Assuming you still have money left in your pension plan, there are plenty of companies who are more than willing to “help” you invest it and look after it. The problem is, some of these companies don’t necessarily have your best interests at heart!
Recently I had a client come to me about setting up a self-directed pension plan, managed by the special LLC that gave her checkbook control. Not a problem – we do that all the time. She was already with my recommended custodian, which made things even easier.
But then she came back to me after attending a weekend seminar by another company. She’d been told at that seminar that she could be her own custodian, and didn’t need the third party. I was pretty surprised. It’s not that you can’t be your own custodian … but given what’s involved, I don’t understand why anyone would want to.
A custodian is a company that is either approved and regulated by the IRS or is affiliated or owned by a bank or trust company. If it’s the latter, the custodian is still subject to state banking regulations and the FDIC, in addition to IRS regulations.
The role of a custodian is to handle both the administrative functions of a retirement account, as well as the plan’s money. They prepare and file the tax returns and other regulatory paperwork, and make sure that you aren’t engaging in prohibited transactions or working with disqualified parties.
The plans that a qualified custodian offers have all been pre-approved by the IRS, through a determination process. This can be lengthy and expensive – Diane and I estimated the cost to be around $15,000 for this step. Next step is to go through the FDIC and other agencies to become qualified as a custodian. We figured that would be another $5,000 or so, and could take a year or more. There’s going to be a heck of a learning curve regarding the maze of federal and state tax regulations that will govern the plan assets.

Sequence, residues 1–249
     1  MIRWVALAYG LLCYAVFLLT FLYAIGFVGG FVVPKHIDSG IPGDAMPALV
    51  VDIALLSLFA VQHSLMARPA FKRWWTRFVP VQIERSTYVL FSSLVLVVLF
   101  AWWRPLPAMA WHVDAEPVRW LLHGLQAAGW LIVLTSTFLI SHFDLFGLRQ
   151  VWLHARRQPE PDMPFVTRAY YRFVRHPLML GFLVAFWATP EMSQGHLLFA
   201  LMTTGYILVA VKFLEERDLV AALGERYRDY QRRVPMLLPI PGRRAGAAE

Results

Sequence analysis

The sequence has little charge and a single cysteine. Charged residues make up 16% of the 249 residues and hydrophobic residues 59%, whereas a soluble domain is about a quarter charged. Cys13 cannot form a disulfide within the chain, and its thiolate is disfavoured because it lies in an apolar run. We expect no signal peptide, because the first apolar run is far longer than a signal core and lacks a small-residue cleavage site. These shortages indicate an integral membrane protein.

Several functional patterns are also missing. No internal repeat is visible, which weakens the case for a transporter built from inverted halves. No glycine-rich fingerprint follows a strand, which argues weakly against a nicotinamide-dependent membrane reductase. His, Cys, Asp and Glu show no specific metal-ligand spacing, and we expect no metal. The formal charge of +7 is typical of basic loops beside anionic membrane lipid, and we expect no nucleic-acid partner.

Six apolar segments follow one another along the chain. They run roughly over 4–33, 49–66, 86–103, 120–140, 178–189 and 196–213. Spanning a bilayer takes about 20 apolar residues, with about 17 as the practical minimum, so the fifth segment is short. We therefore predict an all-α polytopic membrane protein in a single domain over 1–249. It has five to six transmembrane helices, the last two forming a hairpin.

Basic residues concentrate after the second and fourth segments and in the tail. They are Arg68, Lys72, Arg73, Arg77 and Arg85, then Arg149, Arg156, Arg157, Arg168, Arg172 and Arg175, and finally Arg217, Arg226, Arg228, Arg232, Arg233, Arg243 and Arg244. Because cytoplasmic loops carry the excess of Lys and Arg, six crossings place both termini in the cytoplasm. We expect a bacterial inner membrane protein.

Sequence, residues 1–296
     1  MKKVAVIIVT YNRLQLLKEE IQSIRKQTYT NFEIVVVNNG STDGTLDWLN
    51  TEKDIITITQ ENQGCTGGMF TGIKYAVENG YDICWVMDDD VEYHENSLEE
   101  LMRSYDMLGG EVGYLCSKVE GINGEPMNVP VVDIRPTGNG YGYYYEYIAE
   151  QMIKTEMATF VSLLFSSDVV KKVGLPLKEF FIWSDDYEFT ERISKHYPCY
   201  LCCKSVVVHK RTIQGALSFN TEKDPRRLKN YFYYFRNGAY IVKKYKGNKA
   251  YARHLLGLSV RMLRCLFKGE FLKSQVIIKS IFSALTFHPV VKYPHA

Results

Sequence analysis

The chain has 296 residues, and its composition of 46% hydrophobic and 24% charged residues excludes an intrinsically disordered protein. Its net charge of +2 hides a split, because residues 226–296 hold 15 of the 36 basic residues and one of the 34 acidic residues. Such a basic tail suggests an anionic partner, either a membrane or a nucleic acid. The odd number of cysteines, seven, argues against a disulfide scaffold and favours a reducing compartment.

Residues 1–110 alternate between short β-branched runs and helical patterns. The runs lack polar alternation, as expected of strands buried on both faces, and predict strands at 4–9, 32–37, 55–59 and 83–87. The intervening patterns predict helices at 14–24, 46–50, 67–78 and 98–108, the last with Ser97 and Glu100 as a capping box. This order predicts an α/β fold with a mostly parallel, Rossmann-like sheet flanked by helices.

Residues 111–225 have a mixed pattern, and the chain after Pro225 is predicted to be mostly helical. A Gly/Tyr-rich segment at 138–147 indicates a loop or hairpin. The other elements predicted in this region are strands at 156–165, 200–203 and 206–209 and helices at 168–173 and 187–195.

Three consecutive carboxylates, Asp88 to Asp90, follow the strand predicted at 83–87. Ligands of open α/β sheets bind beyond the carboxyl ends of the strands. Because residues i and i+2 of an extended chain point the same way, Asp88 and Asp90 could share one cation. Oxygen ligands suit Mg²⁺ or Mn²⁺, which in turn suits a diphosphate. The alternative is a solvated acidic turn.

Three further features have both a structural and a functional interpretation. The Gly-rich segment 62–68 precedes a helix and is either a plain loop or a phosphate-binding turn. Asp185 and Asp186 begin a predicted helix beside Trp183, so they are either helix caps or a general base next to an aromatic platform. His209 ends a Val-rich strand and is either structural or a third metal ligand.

Finally, there’s a tax return to think about. A complicated, detailed tax return, that few CPAs are qualified to prepare. We were curious, so Diane contacted someone she knows in the industry. He told her to expect a minimum $5,000 bill, if she could find a CPA willing to do the return.
Now, I’m pretty darned sure that if someone told me I’d have to pay $25,000 or more, take a year out of my life, and embark on what’s amounts to a college degree’s worth of education on tax and pension regulations, I’d probably say “no thanks” and go to a qualified custodian. That makes me pretty sure that the company in question didn’t give my client the whole story.
I’m glad she came to me first, and is in good hands with her existing custodian. But stories like this make me angry. This is someone’s financial future we’re talking about – not some abstract concept. The penalties for screwing up your pension are huge … you could potentially be fined an amount equal to 50% of your pension’s entire value if you enter into a prohibited transaction. I don’t know why anyone would give out this kind of advice.
So, in the words of Sgt. Phil Esterhaus, “Let’s be careful out there.”